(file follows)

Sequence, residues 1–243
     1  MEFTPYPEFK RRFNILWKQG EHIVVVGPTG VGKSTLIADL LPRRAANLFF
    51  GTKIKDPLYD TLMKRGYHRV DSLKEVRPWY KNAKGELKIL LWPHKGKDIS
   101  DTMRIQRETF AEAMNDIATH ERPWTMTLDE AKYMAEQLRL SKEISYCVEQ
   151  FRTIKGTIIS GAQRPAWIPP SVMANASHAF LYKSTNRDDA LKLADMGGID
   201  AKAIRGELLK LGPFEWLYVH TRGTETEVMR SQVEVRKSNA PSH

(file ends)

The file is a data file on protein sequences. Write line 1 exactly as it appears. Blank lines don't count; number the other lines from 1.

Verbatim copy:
Sequence, residues 1–243